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Christian Music - Reviews, News, Interviews

Your Will

  • reviewed by LaTonya Taylor Copyright Christianity Today International
  • 2004 1 Oct
Your Will
Sounds like … contemporary and traditional ensemble-based gospelAt a glance … Your Will is a mixed bag, with a few outstanding songs and several middle-of-the-road onesTrack ListingYour WillMy Mind's Made UpDanceGraceI Had to Trust YouLock DownHezekiah MindNo One but YouHigh Lift HimAmazingArrival at the CityMe AgainThis Is Your Land

For more than 20 years, Darius Brooks was a key part of the Chicago-based Thompson Community Singers, one of the most influential choirs in gospel music history. As the writer of songs like "Over and Over," "Safe in His Arms" and "My Mind's Made Up," Brooks was a major contributor to the success of the group. He's also worked with Shirley Caesar, Vickie Winans, Aretha Franklin and Stevie Wonder. Your Will is his major-label debut.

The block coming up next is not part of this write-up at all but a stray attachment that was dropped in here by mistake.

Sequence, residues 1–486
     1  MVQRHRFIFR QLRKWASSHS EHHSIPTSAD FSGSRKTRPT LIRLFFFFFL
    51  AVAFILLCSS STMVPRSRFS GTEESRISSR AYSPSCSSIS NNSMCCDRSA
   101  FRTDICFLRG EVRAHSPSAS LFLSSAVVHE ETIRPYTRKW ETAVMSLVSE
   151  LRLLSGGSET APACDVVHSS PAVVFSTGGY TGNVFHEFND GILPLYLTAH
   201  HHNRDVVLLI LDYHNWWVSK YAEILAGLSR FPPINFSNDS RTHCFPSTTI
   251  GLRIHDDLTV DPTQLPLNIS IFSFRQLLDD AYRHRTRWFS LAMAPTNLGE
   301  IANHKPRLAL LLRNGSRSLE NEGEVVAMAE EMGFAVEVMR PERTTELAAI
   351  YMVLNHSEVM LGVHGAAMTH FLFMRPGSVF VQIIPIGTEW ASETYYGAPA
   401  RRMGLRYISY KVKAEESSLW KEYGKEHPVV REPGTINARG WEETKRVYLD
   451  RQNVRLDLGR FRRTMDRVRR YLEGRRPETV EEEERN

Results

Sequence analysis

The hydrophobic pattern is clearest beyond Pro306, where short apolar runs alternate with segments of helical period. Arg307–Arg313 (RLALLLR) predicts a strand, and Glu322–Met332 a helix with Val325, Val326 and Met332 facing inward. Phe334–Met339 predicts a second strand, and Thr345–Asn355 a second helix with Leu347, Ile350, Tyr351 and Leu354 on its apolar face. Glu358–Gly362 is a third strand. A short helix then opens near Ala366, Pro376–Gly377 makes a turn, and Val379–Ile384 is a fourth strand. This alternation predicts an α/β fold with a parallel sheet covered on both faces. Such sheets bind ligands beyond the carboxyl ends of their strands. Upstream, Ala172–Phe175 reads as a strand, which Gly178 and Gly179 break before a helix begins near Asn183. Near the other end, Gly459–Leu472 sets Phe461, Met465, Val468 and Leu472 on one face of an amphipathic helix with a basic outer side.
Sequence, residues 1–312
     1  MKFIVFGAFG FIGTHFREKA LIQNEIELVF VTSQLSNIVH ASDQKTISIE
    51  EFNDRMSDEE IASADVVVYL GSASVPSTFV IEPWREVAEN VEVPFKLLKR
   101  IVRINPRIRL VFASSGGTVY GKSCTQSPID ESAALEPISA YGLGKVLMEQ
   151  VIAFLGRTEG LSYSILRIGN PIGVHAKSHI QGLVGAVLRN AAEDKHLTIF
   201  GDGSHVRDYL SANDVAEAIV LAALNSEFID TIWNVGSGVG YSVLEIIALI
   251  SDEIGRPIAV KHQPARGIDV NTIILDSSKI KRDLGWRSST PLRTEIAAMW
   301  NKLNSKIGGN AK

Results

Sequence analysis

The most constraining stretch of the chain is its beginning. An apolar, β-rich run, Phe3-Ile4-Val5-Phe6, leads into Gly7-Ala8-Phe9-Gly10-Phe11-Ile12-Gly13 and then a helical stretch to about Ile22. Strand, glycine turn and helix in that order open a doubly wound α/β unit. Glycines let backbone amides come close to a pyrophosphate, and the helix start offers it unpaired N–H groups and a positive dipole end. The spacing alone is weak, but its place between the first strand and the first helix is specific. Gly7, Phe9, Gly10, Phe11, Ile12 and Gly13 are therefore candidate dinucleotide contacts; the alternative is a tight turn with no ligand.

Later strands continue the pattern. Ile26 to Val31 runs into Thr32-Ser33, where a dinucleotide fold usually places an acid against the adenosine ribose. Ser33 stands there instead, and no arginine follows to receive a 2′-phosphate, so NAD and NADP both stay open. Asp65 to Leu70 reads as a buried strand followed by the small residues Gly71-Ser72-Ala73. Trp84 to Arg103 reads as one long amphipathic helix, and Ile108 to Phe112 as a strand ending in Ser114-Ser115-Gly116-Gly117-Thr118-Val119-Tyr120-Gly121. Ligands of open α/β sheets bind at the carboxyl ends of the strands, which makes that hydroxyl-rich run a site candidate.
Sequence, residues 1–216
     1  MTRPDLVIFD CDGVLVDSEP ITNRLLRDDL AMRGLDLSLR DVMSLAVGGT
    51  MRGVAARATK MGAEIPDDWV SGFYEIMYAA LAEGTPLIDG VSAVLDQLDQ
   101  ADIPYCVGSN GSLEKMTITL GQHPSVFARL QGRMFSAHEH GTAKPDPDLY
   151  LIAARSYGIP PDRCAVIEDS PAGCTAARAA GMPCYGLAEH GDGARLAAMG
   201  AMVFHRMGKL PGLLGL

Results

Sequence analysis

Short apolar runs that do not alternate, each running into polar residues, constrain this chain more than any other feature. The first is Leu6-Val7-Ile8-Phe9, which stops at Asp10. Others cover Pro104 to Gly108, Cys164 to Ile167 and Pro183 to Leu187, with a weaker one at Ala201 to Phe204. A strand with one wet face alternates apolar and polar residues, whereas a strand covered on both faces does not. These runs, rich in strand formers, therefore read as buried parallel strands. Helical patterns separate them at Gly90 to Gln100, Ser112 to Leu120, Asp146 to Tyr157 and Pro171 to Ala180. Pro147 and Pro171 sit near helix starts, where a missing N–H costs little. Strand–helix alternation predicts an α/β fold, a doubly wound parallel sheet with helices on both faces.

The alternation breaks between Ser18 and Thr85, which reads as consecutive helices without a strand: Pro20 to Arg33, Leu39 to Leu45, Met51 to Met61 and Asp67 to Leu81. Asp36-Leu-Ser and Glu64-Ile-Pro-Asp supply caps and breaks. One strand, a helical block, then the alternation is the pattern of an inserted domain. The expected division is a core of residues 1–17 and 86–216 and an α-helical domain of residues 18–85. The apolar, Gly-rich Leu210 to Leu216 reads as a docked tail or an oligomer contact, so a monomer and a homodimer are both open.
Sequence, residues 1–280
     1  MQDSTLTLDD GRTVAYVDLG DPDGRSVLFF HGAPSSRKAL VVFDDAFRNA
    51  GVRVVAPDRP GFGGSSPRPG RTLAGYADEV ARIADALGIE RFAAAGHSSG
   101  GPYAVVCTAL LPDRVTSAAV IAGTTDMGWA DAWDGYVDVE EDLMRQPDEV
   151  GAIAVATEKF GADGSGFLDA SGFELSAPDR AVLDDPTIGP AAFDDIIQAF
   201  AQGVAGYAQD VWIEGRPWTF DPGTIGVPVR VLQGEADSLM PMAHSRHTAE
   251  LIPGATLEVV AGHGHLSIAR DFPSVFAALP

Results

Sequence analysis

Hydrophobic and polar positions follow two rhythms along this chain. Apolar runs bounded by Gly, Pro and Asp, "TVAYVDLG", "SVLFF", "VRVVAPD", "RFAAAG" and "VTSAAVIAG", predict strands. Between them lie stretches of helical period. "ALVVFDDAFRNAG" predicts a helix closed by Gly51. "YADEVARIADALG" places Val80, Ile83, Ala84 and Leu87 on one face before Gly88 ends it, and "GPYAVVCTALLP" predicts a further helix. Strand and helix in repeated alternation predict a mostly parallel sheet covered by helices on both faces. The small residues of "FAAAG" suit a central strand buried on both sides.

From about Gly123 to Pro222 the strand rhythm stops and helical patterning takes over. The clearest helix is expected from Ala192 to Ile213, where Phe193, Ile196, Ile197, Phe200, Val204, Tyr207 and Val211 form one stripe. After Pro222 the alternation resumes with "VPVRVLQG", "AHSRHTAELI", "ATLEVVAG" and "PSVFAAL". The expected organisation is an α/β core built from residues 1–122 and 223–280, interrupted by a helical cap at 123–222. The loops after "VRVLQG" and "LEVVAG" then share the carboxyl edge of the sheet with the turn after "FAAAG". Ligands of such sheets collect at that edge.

Several tracks are re-releases of songs that appeared on Brooks' independent projects, Your Will and I Had To Trust You. Here, Brooks is joined by his vocal ensemble, SDM, from the Simply Darius Music organization, a talent discovery and mentoring organization he founded.

Without a doubt, the standout track on the album is the gripping, poignant pop-gospel "Your Will," which has a classic, timeless quality likely to make it a favorite among gospel choirs. Other highlights include "My Mind's Made Up," an upbeat remake; "No One But You," a tender, acoustic ballad; and the slightly jazzy "Amazing." Well-known musicians like Maurice Fitzgerald on bass, Jonathan Dubose on lead guitar and fellow Tommies alum Percy Bady contribute to tracks that would sound great even sans vocals.

Other songs on the album can be taken or left, with a few sounding dated—for example, "High Lift Him"—and others merely bland. Several tracks would sound better with a fuller vocal ensemble. SDM is serviceable, but sometimes sounds spare, lacking full power. Other times, they sound detached from what they're singing—almost bored. Your Will is a mixed bag, worth picking up only if you're a longtime fan of Brooks' work.